Marantz met Peter Thiel at DeploraBall, where he offered an answer to Thiel’s famed contrarian question: “What important truth do very few people agree with you on?” Marantz answers that it’s wrong to think that “there’s an innate, reliable correlation between how good something is and how popular it will be.” His rejection of this thesis pulls the ground out from under techno-utopianism. It’s the key to his book-length defense of “traditional media gatekeeping,” which he sees as, “like democracy, the worst system except for all the others.”

It’s only because Marantz is so disdainful of his fellow citizens’ choices, of course, that he can deny as sharply as he does any correlation between what’s good and what’s popular. It’s that contempt that makes it easy for Marantz to dismiss Emerson Spartz, the techie most devoted to the thesis, “if it gets shared, it’s quality.” Marantz presents Spartz as the most obnoxious of the Silicon Valley crew, but anti-establishment conservatives will find sympathy with Spartz’s view that Marantz’s proposal to censor the internet amounts to “paternalistically deciding what’s bad for people.” To Marantz, however, Spartz is just another one of the “brash young disrupters with… a naïve faith in techno-utopianism.”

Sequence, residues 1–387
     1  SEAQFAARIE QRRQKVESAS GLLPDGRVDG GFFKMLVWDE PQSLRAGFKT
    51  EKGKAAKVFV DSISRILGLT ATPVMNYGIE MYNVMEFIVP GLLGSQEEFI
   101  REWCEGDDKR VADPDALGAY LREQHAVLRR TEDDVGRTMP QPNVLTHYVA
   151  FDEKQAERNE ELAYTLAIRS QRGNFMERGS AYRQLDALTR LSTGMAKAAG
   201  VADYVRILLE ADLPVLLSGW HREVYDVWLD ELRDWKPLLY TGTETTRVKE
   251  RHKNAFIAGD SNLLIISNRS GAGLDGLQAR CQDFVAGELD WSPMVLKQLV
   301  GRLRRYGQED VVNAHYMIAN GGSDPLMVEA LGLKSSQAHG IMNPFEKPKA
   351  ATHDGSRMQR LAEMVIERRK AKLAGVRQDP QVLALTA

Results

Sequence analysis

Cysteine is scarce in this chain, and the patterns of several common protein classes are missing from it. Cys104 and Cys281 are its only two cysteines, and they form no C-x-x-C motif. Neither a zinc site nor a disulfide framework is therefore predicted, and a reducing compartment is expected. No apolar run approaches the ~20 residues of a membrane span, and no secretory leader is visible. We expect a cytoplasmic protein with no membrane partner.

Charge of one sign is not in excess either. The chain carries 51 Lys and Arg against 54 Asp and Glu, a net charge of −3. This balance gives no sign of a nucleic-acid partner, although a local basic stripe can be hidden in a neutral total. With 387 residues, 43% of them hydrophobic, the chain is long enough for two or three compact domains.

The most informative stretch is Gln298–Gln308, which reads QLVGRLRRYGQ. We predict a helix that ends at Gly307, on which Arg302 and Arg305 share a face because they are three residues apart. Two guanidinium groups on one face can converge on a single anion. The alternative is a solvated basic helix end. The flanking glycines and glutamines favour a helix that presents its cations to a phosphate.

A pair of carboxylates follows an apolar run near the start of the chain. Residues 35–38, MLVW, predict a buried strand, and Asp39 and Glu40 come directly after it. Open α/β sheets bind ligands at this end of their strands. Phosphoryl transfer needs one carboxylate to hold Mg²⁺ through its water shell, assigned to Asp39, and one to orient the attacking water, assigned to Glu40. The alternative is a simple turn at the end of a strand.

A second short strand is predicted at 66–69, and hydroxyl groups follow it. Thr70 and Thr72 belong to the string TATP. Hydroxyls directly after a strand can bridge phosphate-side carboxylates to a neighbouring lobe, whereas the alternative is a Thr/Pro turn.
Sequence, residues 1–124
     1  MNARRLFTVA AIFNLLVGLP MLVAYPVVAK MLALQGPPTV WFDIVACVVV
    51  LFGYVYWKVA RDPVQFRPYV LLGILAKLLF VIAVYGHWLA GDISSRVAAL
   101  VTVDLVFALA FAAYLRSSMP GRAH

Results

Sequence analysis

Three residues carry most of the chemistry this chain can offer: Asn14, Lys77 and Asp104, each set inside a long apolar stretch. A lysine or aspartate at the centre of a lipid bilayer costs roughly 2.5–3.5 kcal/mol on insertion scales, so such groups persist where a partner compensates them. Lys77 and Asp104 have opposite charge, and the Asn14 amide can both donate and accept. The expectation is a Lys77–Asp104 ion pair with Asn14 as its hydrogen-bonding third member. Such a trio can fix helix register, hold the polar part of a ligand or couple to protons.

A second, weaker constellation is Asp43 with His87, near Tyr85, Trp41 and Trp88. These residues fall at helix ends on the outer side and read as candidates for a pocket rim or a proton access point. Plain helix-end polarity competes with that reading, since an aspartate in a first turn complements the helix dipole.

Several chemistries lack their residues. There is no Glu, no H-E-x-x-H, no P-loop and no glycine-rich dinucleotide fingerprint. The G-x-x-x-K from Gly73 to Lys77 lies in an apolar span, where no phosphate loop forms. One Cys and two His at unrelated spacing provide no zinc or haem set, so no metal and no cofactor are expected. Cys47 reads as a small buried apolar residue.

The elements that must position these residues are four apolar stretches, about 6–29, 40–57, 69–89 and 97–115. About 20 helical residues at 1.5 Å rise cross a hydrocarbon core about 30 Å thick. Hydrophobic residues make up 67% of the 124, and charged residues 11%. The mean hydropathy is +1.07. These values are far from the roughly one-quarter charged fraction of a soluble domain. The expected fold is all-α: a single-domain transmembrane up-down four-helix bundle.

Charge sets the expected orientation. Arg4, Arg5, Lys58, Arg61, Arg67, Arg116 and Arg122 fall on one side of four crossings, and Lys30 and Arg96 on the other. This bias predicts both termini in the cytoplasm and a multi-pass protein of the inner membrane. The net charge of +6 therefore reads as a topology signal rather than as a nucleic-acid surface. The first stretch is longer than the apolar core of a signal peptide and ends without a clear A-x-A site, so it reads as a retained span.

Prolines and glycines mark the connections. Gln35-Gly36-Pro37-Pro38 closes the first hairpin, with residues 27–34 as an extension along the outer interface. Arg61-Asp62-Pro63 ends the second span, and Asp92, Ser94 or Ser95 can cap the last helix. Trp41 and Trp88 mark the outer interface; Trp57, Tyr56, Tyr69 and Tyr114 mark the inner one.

History has proven that faith wrong. “The bigots and propagandists were winning,” Marantz writes. Anti-establishment conservative content outperforms content from “reputable news organizations” like “Politico, CNN Politics, and The New York Times.”

To Marantz, that’s not a revolution—that’s an absurdity.

“Any media system that could lead to such absurd outcomes was surely flawed. If this was how millions of Americans were getting the information that would shape their voting behavior, then something had gone terribly wrong.”

THE NEW RIGHT’S FAITH IN AMERICANS / President Donald J. Trump

President Donald J. Trump.

THE NEW RIGHT’S FAITH IN AMERICANS